How to Choose a College Major

So you’re in high school and you don’t know what you want to do with your life as far as your college major and career; or you’re in college and you haven’t picked a major, and you’re getting a little stressed about it. Don’t worry, because eventually you will pick a major and move onto graduating and living, “happily-ever-after.” OK, I can’t guarantee the “happily-ever-after” part, but I can help with providing some tips that will lead you towards ways of figuring out what you might be interested in, in terms of picking a college major and/or career to pursue.

Career and Self Assessments
There are career assessment tests that measure what you’re good at, in terms of particular skill sets, such as being analytic, which relates to Law or Law Enforcement. There are also value interest inventories, and personality tests you can take such as Myers Briggs which can tell you what personality traits you gravitate towards, such as being an extrovert (happy, bubbly personality type), or introvert (kind of shy and quiet type). If you are the quiet shy type, probably not a good idea for you to pursue a career as a “Game Show Host” or a “Greeter” for Walmart. The ladder has an age requirement I believe, seniors only; but you get my point. You can visit your high school or college Counseling and Career Center to access some of these assessment tests, or visit this Free career skills assessment link provided by the U.S. Department of Labor-and it’s Free!

Take College Courses That Interest You
If you’re new student entering college, and you’re not sure about a major, take courses that interest you; or if you are a current college student, continue to take courses that interest you as well. By doing so, you might find yourself gravitating towards areas of interest (courses) and skill sets that best fit your personality type, again based on the types of courses that you find engaging.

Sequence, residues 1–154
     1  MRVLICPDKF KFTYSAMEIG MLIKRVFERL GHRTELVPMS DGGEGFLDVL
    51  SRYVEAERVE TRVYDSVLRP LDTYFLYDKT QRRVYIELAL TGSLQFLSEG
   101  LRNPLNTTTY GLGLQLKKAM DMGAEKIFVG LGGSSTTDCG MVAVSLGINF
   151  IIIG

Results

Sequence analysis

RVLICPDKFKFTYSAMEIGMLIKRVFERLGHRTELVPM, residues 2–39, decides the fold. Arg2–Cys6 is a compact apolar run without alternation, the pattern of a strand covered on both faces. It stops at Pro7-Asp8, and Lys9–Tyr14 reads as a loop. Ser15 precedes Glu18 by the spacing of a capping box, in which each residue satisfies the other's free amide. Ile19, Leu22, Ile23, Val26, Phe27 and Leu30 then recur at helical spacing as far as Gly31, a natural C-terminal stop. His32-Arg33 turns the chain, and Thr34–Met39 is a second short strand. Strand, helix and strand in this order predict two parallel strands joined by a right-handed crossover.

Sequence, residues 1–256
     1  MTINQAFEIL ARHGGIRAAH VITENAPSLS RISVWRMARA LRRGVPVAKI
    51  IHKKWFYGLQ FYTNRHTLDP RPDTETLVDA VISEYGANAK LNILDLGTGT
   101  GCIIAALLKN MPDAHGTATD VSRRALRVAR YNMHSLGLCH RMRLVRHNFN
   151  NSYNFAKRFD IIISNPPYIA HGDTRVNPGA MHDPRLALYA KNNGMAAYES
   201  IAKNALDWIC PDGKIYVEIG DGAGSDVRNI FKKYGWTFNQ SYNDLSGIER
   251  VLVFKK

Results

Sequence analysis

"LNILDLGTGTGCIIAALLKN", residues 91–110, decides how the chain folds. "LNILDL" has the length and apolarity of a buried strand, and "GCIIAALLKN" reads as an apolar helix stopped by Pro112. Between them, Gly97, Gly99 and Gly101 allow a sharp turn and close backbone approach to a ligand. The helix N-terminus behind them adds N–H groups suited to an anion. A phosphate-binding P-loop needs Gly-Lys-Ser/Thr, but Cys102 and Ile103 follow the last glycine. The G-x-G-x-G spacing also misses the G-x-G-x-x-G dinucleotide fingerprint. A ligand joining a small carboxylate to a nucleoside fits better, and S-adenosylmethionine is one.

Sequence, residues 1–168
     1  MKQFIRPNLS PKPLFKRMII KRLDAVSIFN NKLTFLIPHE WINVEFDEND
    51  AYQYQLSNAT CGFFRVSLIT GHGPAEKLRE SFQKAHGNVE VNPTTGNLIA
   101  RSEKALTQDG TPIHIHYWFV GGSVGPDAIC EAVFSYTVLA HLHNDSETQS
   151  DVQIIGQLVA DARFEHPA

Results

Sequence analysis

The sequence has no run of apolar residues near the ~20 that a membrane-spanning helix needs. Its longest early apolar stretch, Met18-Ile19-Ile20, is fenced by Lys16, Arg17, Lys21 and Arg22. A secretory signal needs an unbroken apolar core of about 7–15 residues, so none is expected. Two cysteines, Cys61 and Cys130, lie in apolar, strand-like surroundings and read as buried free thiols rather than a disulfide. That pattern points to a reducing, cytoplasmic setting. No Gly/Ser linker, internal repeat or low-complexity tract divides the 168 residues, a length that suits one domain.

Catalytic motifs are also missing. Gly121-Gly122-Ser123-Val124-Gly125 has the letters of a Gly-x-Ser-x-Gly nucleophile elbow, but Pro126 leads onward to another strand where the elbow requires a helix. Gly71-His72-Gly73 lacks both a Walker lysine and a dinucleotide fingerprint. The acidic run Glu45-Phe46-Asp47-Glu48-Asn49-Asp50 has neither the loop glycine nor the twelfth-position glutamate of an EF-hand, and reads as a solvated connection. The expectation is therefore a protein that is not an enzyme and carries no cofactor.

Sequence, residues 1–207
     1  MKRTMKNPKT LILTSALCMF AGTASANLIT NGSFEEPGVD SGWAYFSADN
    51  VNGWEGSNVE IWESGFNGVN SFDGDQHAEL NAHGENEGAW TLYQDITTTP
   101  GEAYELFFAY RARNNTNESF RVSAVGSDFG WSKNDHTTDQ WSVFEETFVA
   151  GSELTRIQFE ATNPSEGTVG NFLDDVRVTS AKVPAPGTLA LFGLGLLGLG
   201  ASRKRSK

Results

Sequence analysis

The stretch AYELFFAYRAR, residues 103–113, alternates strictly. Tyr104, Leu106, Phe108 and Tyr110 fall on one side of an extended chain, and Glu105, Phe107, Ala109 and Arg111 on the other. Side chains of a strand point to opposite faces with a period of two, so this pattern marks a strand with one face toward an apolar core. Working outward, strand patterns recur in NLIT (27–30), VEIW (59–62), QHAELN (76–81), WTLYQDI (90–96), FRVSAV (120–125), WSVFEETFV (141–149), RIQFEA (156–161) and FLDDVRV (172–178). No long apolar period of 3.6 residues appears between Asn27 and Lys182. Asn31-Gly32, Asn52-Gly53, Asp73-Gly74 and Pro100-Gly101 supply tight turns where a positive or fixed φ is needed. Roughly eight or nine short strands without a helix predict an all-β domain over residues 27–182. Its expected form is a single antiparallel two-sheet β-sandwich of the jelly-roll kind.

Use Your High School or College Resources
If you have thought about some majors and careers and want to know more about them, you can go to your college’s Career Center and do some research to find out more information; same applies if you’re in high school. Go to the Career Center or Guidance Counselor Office.

Do Some Informational Interviews
Let’s say you have thought about being in the Communication area, such as Public Relations or Social Media. You can call email or call someone in their respective fields, and ask nicely to do an informational interview. Most professionals are flattered that someone would take the time to ask them about their profession, and are cool with meeting with you to inform you about what they do. Also, you may know a friend of a friend, or a family member, second cousin, etc. who is involved in a career that you might be interested in, that you can contact about doing an information interview.

Sometimes You Have to Just Go With It
At some point, you have to pick a major and go with it, and see where it leads. In many cases, people choose a major, graduate and will do something related to what they studied; and sometimes not–but opportunities may come up as you move along and find your place professionally. Also, you may decide to continue your education, so the sooner you complete your Bachelor’s Degree, the sooner you can see about Master’s or Doctorate programs–or other post graduate areas, such as Medicine, etc. In addition, as an undergraduate student, you will most likely do internships to get more experience in your major/career field, and find out more about it as you go. But pick something that interests you, and that you’re excited about. If you’re good at what you do no matter what career, you’ll earn a good enough living, and more importantly, you’ll like it!

Additional Free On-line Resource
Check out this website link from Univ of North Carolina, Wilmington: “What Can I do with a Major”
The above link provides great information about various college majors, such as basic information about it, what career path this major leads to, and other great professional and informative links related to this major and career.
Good luck to you!